• Bovine Respiratory Syncytial Virus
  • Leptospirosis
  • Scabies 
  • Sinusitis 
  • Bluetongue (BTV).

Of all the above, respiratory diseases are the main cause of the decline of desert sheep. Over 14,000 adult sheep died from these diseases from 1970 to 2014. 

Mycoplasma ovipneumoniae bacteria is the main agent of pneumonia in desert sheep. Also, bacteria like Pasteurellaceae and other factors like paranasal sinus tumors increase the severity of disease in herds.

Desert sheep lack immunity to pneumonia types found in domestic sheep. As a result, exposure to such pneumonia bacteria can lead to serious catastrophes. In addition, desert sheep can contract spillover of M. ovi if they come into contact with infected domestic sheep or goats. 


The predators that kill the desert sheep include:

Mountain lions are the main predators of desert sheep. They have contributed to significant losses of these sheep since some lions view them as their main prey.

Predators are not only dangerous because they kill individual desert sheep, but they also threaten the entire population by reducing their numbers. As a result, the ability of the sheep to survive long-term is impacted negatively by the changing of their population dynamics.

Mountain lions are the main predators of desert sheep.

Mountain lions are the main predators of desert sheep.

©Warren Metcalf/

Human Disturbance

Urban development has led to significant consequences on the desert sheep population. First, it has contributed to the habitat loss of these sheep, leading to a great decline in their numbers.

In 1999, the U.S. Fish and Wildlife Service named the California desert sheep an endangered one. The main contributing factor to this report was human disturbances.

Roads and highways cause habitat fragmentation hence stopping movement between neighboring populations. But desert sheep can survive predictable human activities like hiking and in less disturbed areas like parks and suburban lawns.

Overgrazing by domestic livestock also threatens the desert sheep’s population. It occurs when too many animals graze on a piece of land for a long time.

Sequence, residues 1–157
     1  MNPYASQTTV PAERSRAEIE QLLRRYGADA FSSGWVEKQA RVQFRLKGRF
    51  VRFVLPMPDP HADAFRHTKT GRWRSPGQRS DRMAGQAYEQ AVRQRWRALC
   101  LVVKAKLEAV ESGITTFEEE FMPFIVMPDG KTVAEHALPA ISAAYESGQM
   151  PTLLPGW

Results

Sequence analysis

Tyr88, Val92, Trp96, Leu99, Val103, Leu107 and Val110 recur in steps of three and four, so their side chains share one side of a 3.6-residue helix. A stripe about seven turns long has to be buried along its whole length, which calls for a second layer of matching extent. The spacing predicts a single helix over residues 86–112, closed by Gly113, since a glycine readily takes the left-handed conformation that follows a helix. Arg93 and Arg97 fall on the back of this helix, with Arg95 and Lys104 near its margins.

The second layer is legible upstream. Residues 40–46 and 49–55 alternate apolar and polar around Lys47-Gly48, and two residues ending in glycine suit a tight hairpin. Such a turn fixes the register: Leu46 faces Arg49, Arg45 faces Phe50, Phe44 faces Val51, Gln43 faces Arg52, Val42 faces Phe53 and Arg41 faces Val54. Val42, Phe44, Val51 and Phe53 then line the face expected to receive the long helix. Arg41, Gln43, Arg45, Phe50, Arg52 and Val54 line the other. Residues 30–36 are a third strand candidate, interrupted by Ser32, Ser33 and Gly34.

The animals eat the plants, making it impossible for them to grow back. As a result, the desert sheep lack food sources, decreasing their population.

Camping and off-roading can erode soils and destroy vegetation cover, causing vegetation damage. It can also introduce weed seeds into the ecosystem and expose rare plant species to trampling by humans or vehicles.

Adaptations of Desert Sheep

Desert sheep live in arid environments and can survive long periods of drought. This is because they have a keen sense of smell, which helps them find food and water in times of scarcity.

The desert sheep have the following adaptations:

Hard and Strong Feet

The hoofs of desert sheep are hard and strong, with a rubbery center to protect them from cracking and crumbling in the hot desert. The feet also have thick pads that protect them from sharp rocks and cactus spines. In addition, the hoofs are covered with keratin layers, a tough, fibrous protein found in hair, fingernails, and wool.

Dark Coloration

Dark coloration helps the desert sheep blend with their surroundings and avoid predators. 

A Complex Digestive System

Desert sheep can digest various plants and grasses. It has a four-chambered stomach and caecum (a blind pouch), making it possible for the animal to digest cellulose. The desert sheep also produces large amounts of saliva when eating, which helps break down food before it enters the stomach.

A Thick Coat

The sheep’s thick coat helps it retain heat in cold weather. The skin has two layers: a dense undercoat and a longer outer coat of coarse guard hairs that keep the inner layer warm by trapping air between them. 

The guard hairs are thickest on their back, protecting the body from rain or snow by shielding it from direct contact with precipitation.

Sensory Perception

Desert sheep have a keen sense of smell, hearing, and sight. Their eyesight is so good that they can spot predators from far away. In addition, the ears are on both sides of their head, so they can hear from any direction.